Book Review: Give and Take by Adam Grant

Give and Take
by Adam Grant

Publication date: January 1st 2014
Publisher: Phoenix (first published January 1st 2013)
Pages: 384


Give and Take highlights what effective networking, collaboration, influence, negotiation, and leadership skills have in common.

For generations, we have focused on the individual drivers of success: passion, hard work, talent, and luck. But today, success is increasingly dependent on how we interact with others. It turns out that at work, most people operate as either takers, matchers, or givers. Whereas takers strive to get as much as possible from others and matchers aim to trade evenly, givers are the rare breed of people who contribute to others without expecting anything in return.

Using his own pioneering research as Wharton’s youngest tenured professor, Grant shows that these styles have a surprising impact on success. Although some givers get exploited and burn out, the rest achieve extraordinary results across a wide range of industries. Combining cutting-edge evidence with captivating stories, this landmark book shows how one of America’s best networkers developed his connections, why the creative genius behind one of the most popular shows in television history toiled for years in anonymity, how a basketball executive responsible for multiple draft busts transformed his franchise into a winner, and how we could have anticipated Enron’s demise four years before the company collapsed – without ever looking at a single number.

Praised by bestselling authors such as Dan Pink, Tony Hsieh, Dan Ariely, Susan Cain, Dan Gilbert, Gretchen Rubin, Bob Sutton, David Allen, Robert Cialdini, and Seth Godin-as well as senior leaders from Google, McKinsey, Merck, Estee Lauder, Nike, and NASA – Give and Take highlights what effective networking, collaboration, influence, negotiation, and leadership skills have in common. This landmark book opens up an approach to success that has the power to transform not just individuals and groups, but entire organizations and communities. 

Source: Goodreads


I would never usually read books on this topic, but “Give and Take” by Adam Grant was chosen as the non-fiction book of the month for the Women’s Literary Collective so I thought I’d give it a try.

Grant’s idea is that, at work, most people operate as either takers, matchers, or givers. Takers want to get as much possible out of another person, matchers want to give and take in equal measure and givers don’t expect anything for their contribution. If you’re interested, you can take a quick quiz online to see which category you fall into: Give and Take Quiz

“As Samuel Johnson purportedly wrote, “The true measure of a man is how he treats someone who can do him absolutely no good.”

To explain these concepts, Grant uses a series of very detailed examples. As the majority of these examples are North American, I found the majority of them really hard to relate to. I’m not into American politics or sports and I don’t have a great interest in American business culture either (I’m not sure I’ve ever seen a full episode of The Simpsons!). I feel that the examples were much longer and much more detailed that necessary and that meant that by the time I got to the actual point, I wasn’t that interested. Something that we discussed at the book club was that, as well as being American, the majority of these examples are from privileged white heterosexual males. This book could have been a great opportunity to explore a whole range of examples and backgrounds, so it’s a disappointment that Grant chose not to.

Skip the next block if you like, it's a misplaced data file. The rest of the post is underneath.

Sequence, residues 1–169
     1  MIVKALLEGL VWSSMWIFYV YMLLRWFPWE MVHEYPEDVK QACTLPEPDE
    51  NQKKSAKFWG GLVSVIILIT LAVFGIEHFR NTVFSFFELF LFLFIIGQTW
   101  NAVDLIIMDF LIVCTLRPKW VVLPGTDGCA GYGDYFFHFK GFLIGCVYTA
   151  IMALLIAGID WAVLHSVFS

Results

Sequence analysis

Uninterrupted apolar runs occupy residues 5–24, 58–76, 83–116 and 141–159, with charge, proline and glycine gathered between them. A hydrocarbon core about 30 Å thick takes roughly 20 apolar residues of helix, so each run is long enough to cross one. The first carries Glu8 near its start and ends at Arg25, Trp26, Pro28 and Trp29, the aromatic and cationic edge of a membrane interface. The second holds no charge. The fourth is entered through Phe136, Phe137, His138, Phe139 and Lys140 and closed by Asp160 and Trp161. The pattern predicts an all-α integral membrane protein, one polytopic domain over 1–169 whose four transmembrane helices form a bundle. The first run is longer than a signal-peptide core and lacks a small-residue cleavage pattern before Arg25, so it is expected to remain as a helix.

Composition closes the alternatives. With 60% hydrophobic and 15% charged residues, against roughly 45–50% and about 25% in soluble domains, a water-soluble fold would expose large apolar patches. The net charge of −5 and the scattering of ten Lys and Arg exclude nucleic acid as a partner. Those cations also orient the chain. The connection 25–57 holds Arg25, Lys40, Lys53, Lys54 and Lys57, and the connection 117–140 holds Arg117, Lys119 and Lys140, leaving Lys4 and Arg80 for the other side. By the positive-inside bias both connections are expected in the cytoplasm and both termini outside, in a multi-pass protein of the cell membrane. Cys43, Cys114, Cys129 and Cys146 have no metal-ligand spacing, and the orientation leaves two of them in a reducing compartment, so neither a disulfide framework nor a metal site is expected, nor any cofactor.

When I reached the end of the book, there was a section which listed ‘Actions for Impact’, things you can do to apply the principles of the book to your life and work. Looking through the list, I noticed that my workplace already has the vast majority of these things in place, and I wonder if this could be partly why I couldn’t connect with the book so much. I’m thinking that perhaps I am already accustomed to some of these ways of working in my day to day life and therefore couldn’t find a way to connect.

I think the ideas in this book are good and it’s interesting to know that givers are ultimately more successful than takers, but I did find the book overall to be quite tedious and I probably wouldn’t recommend it for this reason. I can’t help but feel that the content of this book would have been better digested in a shorter format, such as an article or podcast.

Overall rating: Whilst I don’t think it’s revolutionary, I found the topic of “Give and Take” to be quite interesting and it sparked some really great discussion. The overall style wasn’t to my tastes though and I’d have preferred not to have had the lengthy, detailed examples that dragged this book out for me. I wouldn’t recommend it as a book, but won’t be ruling out the work of Adam Grant going forward, because I think the message is good, it’s the format that didn’t quite work – 2 stars for the book.

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